VIDEO: Enough! 60% of LGBTQ Dominicans have faced discrimination

Dominican activists recently held a press conference to denounce the silencing of anti-LGBTQ discrimination by the government. 

The collective Red de Voluntarios de Amigos Siempre Amigos (REVASA), the organization Diversidad Dominicana and COIN (an organization geared to fight stigma and promote economic development for marginalized groups) said their actions are necessary to call attention to discrimination. They shared stories of gay men who were expelled from university and from jobs for their manner of dress, of lesbians who were physically attacked because neighbors didn't want them living nearby (and reportedly were confident no one would arrest them for attacking lesbians).  Advocates also talked about the plight of transgender women and men who have no documents they can use that correspond to their gender and as a result to do not have access to employment, health care, housing and other basic needs.

Lesbian moms have had their kids taken away from them because of their orientation, said Rosanna Marzan from Diversidad Dominicana.  She also shared that women are afraid to denounce instances of "corrective rape" perpetrated by family friends, or family members.  She called for justice and anti-discriminatory laws.  "We are human beings.  We are not asking for new rights we simply want our human rights to be respected," Marzan said.

Breaking the silence and talking about the experiences is vital they say because governmental entities have concluded that there is no anti-LGBTQ discrimination in the country.  "When asked about vulnerable groups experiencing Human Rights violations in DR as detailed in a report by the United States Embassy, representatives of the Public Defense Ministry amongst other government functionaries indicated that there is no discrimination against lesbians, gays, bisexuals or trans people, negating the evidence we have presented and ignoring other documents that have made accusations [about the levels of discrimination] similar to ours," Deivis Ventura president of REVASA (the volunteer network of friends always friends, an LGBTQ rights group) stated during the press conference reported in Acento.com.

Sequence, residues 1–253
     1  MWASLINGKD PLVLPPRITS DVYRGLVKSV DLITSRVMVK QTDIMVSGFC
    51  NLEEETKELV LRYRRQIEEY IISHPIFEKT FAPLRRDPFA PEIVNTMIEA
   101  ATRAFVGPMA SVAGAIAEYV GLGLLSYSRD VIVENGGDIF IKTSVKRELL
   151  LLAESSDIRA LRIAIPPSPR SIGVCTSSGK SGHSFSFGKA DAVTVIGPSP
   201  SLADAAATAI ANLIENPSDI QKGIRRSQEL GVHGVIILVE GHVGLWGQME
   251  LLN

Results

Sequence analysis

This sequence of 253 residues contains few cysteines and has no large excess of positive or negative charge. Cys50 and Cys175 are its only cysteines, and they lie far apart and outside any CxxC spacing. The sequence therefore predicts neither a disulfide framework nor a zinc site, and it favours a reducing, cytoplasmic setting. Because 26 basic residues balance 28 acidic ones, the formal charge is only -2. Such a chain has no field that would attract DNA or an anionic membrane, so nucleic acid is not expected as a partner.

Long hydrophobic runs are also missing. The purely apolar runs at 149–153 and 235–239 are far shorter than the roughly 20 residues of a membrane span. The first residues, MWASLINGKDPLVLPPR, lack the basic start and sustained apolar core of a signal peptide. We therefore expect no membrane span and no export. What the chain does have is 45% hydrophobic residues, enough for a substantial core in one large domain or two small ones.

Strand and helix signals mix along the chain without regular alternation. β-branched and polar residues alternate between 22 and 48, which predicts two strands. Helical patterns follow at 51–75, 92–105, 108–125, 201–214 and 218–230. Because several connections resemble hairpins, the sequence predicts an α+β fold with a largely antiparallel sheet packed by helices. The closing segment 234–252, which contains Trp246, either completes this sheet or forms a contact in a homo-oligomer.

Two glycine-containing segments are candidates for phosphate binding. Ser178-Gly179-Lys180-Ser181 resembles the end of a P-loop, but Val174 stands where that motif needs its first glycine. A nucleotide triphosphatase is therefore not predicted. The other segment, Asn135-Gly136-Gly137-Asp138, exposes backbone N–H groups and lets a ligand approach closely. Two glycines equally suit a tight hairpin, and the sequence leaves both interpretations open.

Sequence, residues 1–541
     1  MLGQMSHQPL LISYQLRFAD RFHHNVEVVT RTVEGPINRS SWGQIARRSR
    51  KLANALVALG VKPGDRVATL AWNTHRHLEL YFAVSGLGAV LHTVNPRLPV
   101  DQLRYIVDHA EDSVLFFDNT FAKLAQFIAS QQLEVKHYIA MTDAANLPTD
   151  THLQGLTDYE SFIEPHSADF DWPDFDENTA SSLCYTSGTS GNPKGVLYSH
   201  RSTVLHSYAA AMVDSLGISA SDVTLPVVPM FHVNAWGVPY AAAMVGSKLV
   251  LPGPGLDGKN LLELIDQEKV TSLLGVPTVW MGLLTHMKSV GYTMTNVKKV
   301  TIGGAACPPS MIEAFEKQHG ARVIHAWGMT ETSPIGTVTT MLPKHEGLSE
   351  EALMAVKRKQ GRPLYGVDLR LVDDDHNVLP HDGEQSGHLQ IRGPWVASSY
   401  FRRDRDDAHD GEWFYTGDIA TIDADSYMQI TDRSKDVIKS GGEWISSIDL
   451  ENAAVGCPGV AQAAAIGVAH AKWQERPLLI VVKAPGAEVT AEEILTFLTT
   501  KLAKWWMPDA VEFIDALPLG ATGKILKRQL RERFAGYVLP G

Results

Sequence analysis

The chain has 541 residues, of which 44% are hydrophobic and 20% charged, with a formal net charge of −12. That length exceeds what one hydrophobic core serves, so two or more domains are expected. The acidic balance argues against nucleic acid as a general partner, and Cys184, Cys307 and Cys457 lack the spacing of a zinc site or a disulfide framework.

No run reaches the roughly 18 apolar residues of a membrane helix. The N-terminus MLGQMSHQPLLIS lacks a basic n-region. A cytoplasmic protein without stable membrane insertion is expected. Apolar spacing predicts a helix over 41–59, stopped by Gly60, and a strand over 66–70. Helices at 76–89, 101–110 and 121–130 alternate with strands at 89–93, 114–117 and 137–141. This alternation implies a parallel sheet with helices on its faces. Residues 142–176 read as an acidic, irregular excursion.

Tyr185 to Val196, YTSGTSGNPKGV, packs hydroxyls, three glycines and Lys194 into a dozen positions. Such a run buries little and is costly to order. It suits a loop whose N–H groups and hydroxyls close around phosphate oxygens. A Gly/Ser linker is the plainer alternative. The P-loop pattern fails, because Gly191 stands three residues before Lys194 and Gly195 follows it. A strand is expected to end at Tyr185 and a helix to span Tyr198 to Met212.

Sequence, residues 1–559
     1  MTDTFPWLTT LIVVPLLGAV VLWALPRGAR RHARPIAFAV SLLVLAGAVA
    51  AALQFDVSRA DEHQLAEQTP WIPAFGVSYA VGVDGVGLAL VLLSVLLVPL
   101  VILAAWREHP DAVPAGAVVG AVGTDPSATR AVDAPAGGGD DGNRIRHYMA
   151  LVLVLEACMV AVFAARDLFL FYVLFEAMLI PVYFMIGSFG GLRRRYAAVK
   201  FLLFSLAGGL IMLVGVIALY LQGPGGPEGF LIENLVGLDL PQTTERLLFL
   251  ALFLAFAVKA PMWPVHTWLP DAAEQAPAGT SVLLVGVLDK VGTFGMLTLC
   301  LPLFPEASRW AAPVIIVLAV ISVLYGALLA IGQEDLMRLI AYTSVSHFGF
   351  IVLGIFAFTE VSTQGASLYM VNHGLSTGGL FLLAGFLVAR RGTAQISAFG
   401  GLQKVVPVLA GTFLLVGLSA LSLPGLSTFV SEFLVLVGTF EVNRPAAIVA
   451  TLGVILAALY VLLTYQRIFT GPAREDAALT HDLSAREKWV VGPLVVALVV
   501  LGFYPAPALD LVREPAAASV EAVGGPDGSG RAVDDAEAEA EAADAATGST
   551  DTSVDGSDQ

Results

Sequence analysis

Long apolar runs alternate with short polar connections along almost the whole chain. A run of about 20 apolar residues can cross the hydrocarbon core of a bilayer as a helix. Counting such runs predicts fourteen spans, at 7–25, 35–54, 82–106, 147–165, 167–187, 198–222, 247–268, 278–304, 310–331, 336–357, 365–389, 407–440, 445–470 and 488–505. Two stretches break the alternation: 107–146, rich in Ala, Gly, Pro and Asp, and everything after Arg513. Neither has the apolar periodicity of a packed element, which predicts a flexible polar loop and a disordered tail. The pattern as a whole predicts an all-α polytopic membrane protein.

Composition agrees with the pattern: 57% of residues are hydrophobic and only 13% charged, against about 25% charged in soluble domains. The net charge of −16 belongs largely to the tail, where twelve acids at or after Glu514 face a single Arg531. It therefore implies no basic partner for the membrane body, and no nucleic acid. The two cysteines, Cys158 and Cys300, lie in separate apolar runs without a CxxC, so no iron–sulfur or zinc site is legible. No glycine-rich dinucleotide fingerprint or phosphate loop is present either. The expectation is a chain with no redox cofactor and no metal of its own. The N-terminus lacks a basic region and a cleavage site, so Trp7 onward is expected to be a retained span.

Francis Taylor from COIN mentioned that this February, Radhys Abreu from the Ministry for Foreign Relations told the UN that "In this country there is no discrimination or stigma towards LGBT groups as evidenced by the fact that they are able to organize diverse public actions like the Pride Caravan."

The Dominican Republic LGBTQ community was most recently in the US news, when President Obama appointed James "Wally" Brewster, an out gay man, to the role of ambassador to the country.  Monsignor Pablo Cedano made an outrageous comment before Brewster was confirmed "I hope that he won't come, but if he does he will suffer and will have to leave [DR]."  LGBTQ groups in DR organized a show of welcome to the new ambassador.

Ventura, of REVASA, recently visited the US and met with LGBTQ advocates here including GLAAD as part of a delegaDeivis Ventura y Latino LGBTQtion of Caribbean, South and Central American activists.  The meetings allowed for a free flow of information among Latino/a activists in the US and those back home in the sending countries sharing strategies, commonalities and specifics about the global struggle against discrimination.

You can read another article about the press conference in Spanish here.

 

 

 

                                                                                                                                                                                                                                                                Deivis Ventura, Center

 

 

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